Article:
If you have access to teenagers, take advantage of their digital expertise. Any 17 year-old worth his salt can set you up a free account on Blogger and show you the basics. Or, for a nominal fee, no doubt he'll dutifully transcribe and upload your fascinating musings about the Quill Awards. You should probably disclose the arrangement to your fans so they know what's going on and who typed the words. But if they are your words, you're blogging. There are also voice recognition programs you can try if you're feeling technologically bold. And, of course, you'll blog about your thrilling adventures with Dragon NaturallySpeaking and IBM ViaVoice.

Blogging Your Way to a Publishing Contract

It's clear that there are substantial benefits for the published author who decides to embrace blogging. But what about the bloggers who want to be published authors? Interestingly enough, there is a growing trend of bloggers who have been offered book deals. The Book Standard reports:
Is there anyone left who doesn't have a blog? From top corporate executives to indie rock stars, everyone seems to have a weblog chronicling his or her adventures. And now, as the publishing industry has taken notice, it feels as if all those bloggers have landed blockbuster book deals. In the past two years, Wonkette's Ana Marie Cox, Julie Powell and Jessica Cutler (whose blog is now defunct) have parlayed their popular online ruminations/rants/reports into big-money contracts. And the deals keep coming: Riverhead has just signed investment-banker blogger "D-Nasty" Dana Vachon to a two-book deal that the media website (and Wonkette sister) Gawker reported was worth $650,000. Publishers, intoxicated by the allure of an apparently fervent fan base, are betting that web success will equal print victory-and yet they claim they're drawn to bloggers because of their talent.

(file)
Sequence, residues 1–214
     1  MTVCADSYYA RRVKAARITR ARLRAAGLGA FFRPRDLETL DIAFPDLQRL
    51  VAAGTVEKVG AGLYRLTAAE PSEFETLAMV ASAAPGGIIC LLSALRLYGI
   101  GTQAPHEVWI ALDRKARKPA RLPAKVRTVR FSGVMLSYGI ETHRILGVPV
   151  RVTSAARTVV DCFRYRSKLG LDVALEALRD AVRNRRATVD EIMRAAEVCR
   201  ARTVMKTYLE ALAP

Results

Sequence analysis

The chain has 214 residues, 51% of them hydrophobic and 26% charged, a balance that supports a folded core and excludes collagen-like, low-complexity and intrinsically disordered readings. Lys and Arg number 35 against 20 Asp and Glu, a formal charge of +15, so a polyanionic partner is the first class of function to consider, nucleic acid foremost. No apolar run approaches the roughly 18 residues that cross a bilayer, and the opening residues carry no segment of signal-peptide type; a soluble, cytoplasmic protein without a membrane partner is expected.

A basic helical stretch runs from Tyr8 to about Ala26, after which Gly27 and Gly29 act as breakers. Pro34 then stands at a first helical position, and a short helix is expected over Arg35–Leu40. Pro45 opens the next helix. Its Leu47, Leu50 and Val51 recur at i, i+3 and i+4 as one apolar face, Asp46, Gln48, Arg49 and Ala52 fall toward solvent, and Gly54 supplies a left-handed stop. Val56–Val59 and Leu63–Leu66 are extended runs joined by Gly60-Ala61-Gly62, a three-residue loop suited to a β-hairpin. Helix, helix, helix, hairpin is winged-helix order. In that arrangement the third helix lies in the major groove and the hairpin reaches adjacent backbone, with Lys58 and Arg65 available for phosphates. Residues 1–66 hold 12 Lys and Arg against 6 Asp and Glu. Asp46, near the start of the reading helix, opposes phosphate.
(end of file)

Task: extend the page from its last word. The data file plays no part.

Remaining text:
Take, for instance, Judith Regan's recent acquisition of the work of Stephanie Klein: The New York art director, who candidly details her life (cheating ex, painful adolescence, endless dating escapades) at Greek Tragedy, is now enjoying the fruits of her digital labor with an enviable six-figure, two-book deal. ReganBooks director of publicity Paul Crichton says the deal was based on the merits of Klein's proposal -- not the popularity of her blog. And yet, he does acknowledge the potential advantages in marketing the books that are part of Klein's deal; he hopes her titles (she's signed on to write a memoir called Straight Up and Dirty, about her post-divorce dating experiences and another about her childhood experiences at Fat Camp) will find a pre-established audience among fans of her site.
There is no guarantee that blogging will lead to a book contract. But even if it doesn't, your writing skills and ability to meet a daily deadline will improve over time.

Conclusion

A recent study by Advertising Age reported that in 2005, employees in the United States will spend 551,000 years reading blogs. The study suggests one in four workers will spend about 3.5 hours a week reading blogs. According to numerous reports, instead of working most employees are either surfing the web, doing online shopping or reading blogs. Those figures may be disheartening to corporate employers, but are nothing but good news for authors who blog. Whether you're a published author or just hoping to be one, a well-written blog can be just the thing to increase your readership and your book sales.

**To see the Internet Writing Journal's selection of The Best Author Blogs, click here.



**Claire E. White is the Editor of The Internet Writing Journal.








www.internetwritingjournal.com